Bears

Teammates see 'greatness' in Mitch Trubisky

Teammates see 'greatness' in Mitch Trubisky

Maybe it’s a pattern. With only one college season comprising 13 starts, Mitch Trubisky convinced the Bears and GM Ryan Pace to hitch their fortunes to him in the form of trading up to ensure getting him in the 2017 draft.

Now, with less than one full NFL season – 12 starts in 2017 – Trubisky has done some more convincing and in the process helped reverse a disturbing, damaging trend in some quarters of the NFL.

Over the past couple offseasons, more than one NFL veteran spurned the Bears in favor of less money elsewhere. And not just on offense or defense: Wide receiver Alshon Jeffery saw little future with the quarterback situation in Chicago and turned down offers to stay, while cornerbacks A.J. Bouye and Stephon Gilmore were among defenders who opted for smaller paydays elsewhere than the Bears were believed to be offering.

This offseason the quarterback situation in Chicago – Trubisky – has had the opposite effect, that of attracting talent instead of repelling it.

“I think if guys came here to win, then yeah, the quarterback should definitely be the first thing that you look at,” said cornerback Prince Amukamara, who chose to re-sign with the Bears after his one-year, prove-it contract of 2017. “Mitch was definitely one of mine. I think the guys that we got here do want to win. When you look at Taylor [Gabriel, former Atlanta wide receiver], look at A-Rob [Allen Robinson], I think those guys are really not putting a lot of pressure on Mitch but just hoping Mitch can probably get them to their second or third contract or help them get their first ring.”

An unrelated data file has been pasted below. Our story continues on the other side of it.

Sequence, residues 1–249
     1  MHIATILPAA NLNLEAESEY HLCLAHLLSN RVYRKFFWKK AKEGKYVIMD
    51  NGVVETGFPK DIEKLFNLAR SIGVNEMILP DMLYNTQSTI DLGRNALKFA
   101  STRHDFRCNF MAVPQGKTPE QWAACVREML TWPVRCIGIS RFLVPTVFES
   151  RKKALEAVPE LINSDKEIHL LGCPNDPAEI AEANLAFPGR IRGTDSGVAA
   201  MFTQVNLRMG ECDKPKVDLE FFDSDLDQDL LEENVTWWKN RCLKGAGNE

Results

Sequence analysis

Said Robinson: “That's what I came here for. I came here to make those plays, to make those catches, to make his job easy.” 

Trubisky’s body of NFL work, like his limited starter’s résumé at North Carolina, can reasonably be questioned, if for reasons of quantity alone.

But the Bears were a plus-7 turnover ratio during his 12 starts last year. Trubisky’s interception percentage of 2.1 was better than the rookie pick-rates of Jared Goff, Marcus Mariota, Deshaun Watson, Carson Wentz and Jameis Winston, using other recent high draft choices for purposes of comparison.

That sort of thing impresses defenses, including one’s own, in this case a Bears defense ranked among the NFL’s top 10 and which nicknamed Trubisky “Pretty Boy Assassin.”